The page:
Sexualization and why it matters

As part of a semester long project, I have spent the past three months researching the sexualization of the human person. Specifically, I have been exploring the deleterious effects that sexualization has within society, and through this exploration I believe I have pinpointed a deeper underlying problem that contributes to the perpetuation of sexualization in Western culture.

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Sexualization is a form of objectification that narrowly sees human beings only for their sexual characteristics and functions. It occurs whenever a five ye12ar old wears a crop top with the word “Flirt” in sequins across the front, whenever athletes are lauded for their physical appearance instead of talents and abilities, whenever advertisements pose women in sexual and suggestive positions to sell their products, or whenever porn companies exploit sexual desire by displaying a woman as a mere object for one’s own pleasure. Sexualization transpires every time a person is stripped of their nature as a subject and reduced to a sexual object, and it’s hurting our society.

The harms rests in the fact that sexualization promulgates the subliminal message that one’s worth equates to one’s desirability, that one’s value stems from their capacity to elicit desire in others. If you aren’t desired, you are nothing. In a modern society that shies away from committment to any universal consensus on the origin of human value, it’s easy to buy into this fabrication that our culture sells to us. Where spiritual, immaterial truths are avoided, the physical, material world is all that remains to use as our value currency.

We have a human identity crisis. Unsure who we are or what it means to be human, advertisers,  film producers, and television executives have stepped in and fashioned a falsehood for us entirely fixated on the physical world as the measure of goodness. A culture where individuals find their worth through material means contributes to mental health crises including depression and eating disorders, as well as harming interpersonal relationships by encouraging people to view one another as objects to be enjoyed instead of subjects with their own autonomy. Mental illness has been rising continually over the few decades, paralleling the rise in systemic societal sexualization, and the correlation should be taken seriously. Suicide rates rose 24% from 1999-2014, and among young girls it rose 200% (Tavernise). Depression rates have experienced a 37% increase in their rate among adolescents, and for young women, the most common victim of sexualization, the risk is double (Schruobsdorff). Eating disorders have been showing similar increases in the rate of the development of new disorders since 1950 (Szymanski, Dawn M., Lauren B. Moffitt, and Erika R. Carr, 2011). The incidence of anorexia in young women has risen every decade since 1930, and the incidence of bulimia shows a similar steady increase, tripling between 1988 and 1993 (Szymanski, Dawn M., Lauren B. Moffitt, and Erika R. Carr, 2011). A society where one’s physical appearance embodies the height of one’s worth and which runs on the economic principle of never having or being enough predisposes women to be vulnerable to these types of disorders. Eating disorders possess the highest mortality rate of any mental illness, and are one of the most difficult to recover from, and the reason why is not hard to see; how can one recover when the society you live in sells you the message the eating disorder feeds on?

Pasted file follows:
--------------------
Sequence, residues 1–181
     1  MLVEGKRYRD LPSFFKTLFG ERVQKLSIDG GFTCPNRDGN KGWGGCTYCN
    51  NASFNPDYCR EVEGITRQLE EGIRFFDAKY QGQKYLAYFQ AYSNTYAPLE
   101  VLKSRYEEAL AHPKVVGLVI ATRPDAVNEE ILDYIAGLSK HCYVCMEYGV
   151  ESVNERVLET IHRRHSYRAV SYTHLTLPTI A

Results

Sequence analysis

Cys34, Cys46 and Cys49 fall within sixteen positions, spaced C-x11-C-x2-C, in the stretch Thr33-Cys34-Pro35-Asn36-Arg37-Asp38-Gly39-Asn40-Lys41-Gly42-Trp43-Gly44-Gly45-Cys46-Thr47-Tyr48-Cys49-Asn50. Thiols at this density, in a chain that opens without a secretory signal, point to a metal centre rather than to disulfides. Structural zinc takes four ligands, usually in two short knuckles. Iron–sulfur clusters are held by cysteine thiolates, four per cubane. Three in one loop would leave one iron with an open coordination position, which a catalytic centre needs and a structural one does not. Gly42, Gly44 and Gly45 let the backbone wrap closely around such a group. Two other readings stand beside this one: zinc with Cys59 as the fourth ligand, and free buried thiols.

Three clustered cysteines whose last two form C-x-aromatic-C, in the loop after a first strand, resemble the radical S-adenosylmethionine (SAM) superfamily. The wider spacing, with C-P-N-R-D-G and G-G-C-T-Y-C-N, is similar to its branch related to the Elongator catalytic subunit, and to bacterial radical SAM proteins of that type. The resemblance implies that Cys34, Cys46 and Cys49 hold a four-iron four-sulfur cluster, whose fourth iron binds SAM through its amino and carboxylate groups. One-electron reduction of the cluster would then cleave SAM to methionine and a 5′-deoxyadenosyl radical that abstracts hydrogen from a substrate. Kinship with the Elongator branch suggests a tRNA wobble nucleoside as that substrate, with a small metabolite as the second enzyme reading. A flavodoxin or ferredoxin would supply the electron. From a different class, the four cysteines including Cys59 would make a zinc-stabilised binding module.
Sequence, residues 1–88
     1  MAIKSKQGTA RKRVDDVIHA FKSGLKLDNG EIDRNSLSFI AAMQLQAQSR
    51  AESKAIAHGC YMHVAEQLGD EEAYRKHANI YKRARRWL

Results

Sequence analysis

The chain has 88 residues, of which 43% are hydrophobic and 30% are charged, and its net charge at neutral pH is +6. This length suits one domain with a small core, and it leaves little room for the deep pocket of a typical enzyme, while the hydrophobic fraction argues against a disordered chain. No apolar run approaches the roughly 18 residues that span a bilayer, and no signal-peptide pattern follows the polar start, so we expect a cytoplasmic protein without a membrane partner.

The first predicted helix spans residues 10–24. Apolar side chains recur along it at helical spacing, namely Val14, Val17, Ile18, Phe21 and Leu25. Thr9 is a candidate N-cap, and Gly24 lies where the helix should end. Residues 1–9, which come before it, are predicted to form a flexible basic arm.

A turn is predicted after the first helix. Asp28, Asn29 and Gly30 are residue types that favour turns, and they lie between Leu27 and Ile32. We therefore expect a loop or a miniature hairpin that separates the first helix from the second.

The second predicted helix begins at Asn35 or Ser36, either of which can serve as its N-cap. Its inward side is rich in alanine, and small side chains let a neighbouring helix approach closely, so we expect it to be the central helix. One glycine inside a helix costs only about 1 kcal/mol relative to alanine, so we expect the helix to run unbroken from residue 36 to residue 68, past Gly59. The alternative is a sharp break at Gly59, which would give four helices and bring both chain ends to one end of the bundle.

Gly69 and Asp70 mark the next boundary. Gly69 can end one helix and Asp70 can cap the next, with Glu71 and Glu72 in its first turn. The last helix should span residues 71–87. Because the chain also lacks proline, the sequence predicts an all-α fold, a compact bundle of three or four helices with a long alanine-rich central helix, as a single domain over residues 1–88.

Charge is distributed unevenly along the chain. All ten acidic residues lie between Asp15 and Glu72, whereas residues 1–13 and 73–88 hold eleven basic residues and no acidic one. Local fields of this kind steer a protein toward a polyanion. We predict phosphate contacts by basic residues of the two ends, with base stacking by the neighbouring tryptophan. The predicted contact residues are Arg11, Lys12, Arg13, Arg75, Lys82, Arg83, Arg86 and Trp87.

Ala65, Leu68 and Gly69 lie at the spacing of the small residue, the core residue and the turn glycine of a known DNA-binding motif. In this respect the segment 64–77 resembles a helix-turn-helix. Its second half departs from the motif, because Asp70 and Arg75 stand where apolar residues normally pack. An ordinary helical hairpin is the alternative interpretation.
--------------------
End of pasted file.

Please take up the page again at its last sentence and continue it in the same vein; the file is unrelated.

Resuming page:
Frankly I could go on and on, and I did actually in a 20 page paper you can read here if you have the time and interest.

My biggest takeaway from this project, however, has been that we as a society need to start doing some soul searching, or we will be at the whim of whatever value system society finds profitable to feed us. We need to ask ourselves where our human dignity comes from, and realize that the answers we find might bind us with ethical duties to act in a certain way towards others, who share that same dignity. We need to educate our daughters and sons to know that poreless skin is just an advertising gimmick and our desirability does not denote our goodness.

To build our conception of where our worth originates on material goods, be they our sexual prowess and physical appearance, or other utilitarian capacities such as our athletic abilities, financial successes, intellectual achievements, or relationship status, is to build our personhood on sand that’s sure to be washed away by the chaos of life’s waves.

 

Schruobsdorff, Susanna. “Teen Depression on the Rise Says New Pediatrics Study.” Time. Time, 15 Nov. 2016. Web. 21 Apr. 2017.

Storrs, Carina. “U.S. Suicide Rates Up, Especially for Women.” CNN. Cable News Network, 22 Apr. 2016. Web. 21 Apr. 2017.

Szymanski, Dawn M., Lauren B. Moffitt, and Erika R. Carr. “Sexual Objectification of Women: Advances to Theory and Research.” The Counseling Psychologist 39.1 (2011): 6-38. SAGE. Web.

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